The Jerusalem Project is not an average college course with a final that ends at the semester. Multiple students in our class have suggested some sort of Jerusalem Project club that meets after the completion of the course. This club could take a variety of different forms. The purposes of the club could include continuing to foster dialogue, learning, questioning, and debate. Another goal of the club could be to raise awareness about the Israeli-Palestinian conflict. Based on Lila and Allison’s presentation, it is evident that many IU students do not know much information about the conflict or the occupation. Before I took this class, I was completely unaware of the conditions in the West Bank and Gaza. If I ever travel to these places, I’m sure that what I picture now would be completely different. The club could do a variety of activities to raise awareness from giving a presentation at organizations like Hillel or having a Jerusalem festival in Dunn Meadow. The club could also simply arrange for potlucks where we continue discussing the issues ranging from the occupation to the LGBT community in Jerusalem. Perhaps the Jerusalem Project could have a service component that could be continued after the completion of the course. The Jerusalem Project should create an avenue for students to continue the process of discovery after the completion of the course.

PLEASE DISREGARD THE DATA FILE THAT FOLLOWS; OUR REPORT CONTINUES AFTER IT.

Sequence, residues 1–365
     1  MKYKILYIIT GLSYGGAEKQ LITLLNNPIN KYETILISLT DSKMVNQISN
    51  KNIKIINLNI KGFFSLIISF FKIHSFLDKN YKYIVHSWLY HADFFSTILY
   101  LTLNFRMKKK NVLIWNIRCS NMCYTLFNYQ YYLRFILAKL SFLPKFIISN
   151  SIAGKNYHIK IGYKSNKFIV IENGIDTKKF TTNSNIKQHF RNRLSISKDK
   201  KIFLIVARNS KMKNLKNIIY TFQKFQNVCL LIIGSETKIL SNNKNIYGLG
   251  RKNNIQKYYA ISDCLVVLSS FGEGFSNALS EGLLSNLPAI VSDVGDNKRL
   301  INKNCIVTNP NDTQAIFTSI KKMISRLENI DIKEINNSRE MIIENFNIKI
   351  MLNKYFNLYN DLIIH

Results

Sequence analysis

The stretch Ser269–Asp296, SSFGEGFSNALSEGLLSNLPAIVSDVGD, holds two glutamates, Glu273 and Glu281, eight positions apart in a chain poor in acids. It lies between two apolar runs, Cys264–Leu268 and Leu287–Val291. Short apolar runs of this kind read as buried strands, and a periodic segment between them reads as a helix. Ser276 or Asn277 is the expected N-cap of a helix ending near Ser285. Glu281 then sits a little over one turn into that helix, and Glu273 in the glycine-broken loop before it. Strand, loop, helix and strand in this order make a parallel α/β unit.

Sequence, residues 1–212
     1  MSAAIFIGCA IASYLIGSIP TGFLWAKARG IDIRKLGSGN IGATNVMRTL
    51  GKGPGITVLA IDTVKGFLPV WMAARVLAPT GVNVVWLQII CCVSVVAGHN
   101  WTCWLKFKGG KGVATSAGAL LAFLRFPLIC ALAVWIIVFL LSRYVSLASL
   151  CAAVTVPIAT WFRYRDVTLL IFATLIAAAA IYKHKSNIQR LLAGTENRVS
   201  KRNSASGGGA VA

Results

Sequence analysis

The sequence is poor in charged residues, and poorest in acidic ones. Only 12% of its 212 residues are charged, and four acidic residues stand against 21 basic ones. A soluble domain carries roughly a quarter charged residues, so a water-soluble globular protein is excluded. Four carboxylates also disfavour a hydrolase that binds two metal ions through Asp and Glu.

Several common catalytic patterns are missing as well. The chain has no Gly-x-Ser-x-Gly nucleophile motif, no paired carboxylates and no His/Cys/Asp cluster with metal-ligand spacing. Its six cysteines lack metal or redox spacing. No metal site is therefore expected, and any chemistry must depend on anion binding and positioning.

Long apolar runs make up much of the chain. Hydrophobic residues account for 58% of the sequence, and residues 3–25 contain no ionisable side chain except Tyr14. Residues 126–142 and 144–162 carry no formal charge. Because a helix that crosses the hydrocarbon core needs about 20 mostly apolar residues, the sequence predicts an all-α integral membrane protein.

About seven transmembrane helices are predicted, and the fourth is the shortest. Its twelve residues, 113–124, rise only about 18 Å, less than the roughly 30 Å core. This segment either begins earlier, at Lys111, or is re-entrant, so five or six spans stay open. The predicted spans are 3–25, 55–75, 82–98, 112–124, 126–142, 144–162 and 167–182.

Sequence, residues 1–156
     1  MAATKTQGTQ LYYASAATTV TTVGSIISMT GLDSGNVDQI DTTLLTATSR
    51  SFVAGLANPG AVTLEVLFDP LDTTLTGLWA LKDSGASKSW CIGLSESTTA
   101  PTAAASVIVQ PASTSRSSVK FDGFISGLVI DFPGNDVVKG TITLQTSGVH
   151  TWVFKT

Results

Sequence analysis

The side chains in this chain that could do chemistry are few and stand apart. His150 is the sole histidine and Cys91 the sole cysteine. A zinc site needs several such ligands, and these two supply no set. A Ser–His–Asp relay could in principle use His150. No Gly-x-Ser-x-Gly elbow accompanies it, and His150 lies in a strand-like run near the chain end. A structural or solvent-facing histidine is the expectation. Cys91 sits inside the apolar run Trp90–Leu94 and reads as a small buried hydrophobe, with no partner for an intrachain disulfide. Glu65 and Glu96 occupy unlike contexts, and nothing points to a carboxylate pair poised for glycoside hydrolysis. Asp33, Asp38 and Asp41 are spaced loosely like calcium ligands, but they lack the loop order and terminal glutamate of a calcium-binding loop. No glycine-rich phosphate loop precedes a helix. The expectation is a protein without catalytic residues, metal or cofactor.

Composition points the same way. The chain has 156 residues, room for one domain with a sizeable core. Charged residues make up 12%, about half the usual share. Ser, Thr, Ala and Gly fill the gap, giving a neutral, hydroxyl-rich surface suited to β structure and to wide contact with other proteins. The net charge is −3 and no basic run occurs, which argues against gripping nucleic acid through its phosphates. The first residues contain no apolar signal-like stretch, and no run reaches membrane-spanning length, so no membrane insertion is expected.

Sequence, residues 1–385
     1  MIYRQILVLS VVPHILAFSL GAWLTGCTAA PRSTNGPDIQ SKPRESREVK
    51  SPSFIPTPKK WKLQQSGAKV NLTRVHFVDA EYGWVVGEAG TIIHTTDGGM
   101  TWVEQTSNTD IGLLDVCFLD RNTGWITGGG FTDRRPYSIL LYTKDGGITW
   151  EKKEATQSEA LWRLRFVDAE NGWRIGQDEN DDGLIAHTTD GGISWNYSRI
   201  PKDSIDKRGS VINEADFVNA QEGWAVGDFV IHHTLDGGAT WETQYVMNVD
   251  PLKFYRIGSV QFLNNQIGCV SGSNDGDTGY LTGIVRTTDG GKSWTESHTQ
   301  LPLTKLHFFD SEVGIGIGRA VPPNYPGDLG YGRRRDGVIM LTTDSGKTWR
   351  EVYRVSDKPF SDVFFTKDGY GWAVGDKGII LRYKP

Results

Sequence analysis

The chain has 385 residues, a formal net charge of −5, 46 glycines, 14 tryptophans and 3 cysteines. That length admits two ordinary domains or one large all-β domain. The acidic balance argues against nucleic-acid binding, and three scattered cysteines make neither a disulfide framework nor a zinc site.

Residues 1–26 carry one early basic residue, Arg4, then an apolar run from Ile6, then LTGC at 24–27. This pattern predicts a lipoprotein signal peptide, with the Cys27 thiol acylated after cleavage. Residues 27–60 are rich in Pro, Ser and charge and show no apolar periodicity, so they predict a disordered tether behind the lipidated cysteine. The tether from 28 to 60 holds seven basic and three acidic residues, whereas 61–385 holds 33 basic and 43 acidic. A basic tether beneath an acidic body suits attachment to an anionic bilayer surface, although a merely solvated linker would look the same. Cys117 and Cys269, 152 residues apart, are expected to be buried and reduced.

The Living Jerusalem class has been one of my most meaningful experiences at Indiana University. Engaging in the process of this course, I learned skills that I will continue to use throughout my life. The Jerusalem Project has not only changed my views on the Israeli-Palestinian conflict but also my whole concept of knowledge and thinking. In conflicts in this world, there is less black and white and more gray than I before realized. I hope that the Jerusalem Project will continue to foster critical thinking and dialogue on many college campuses.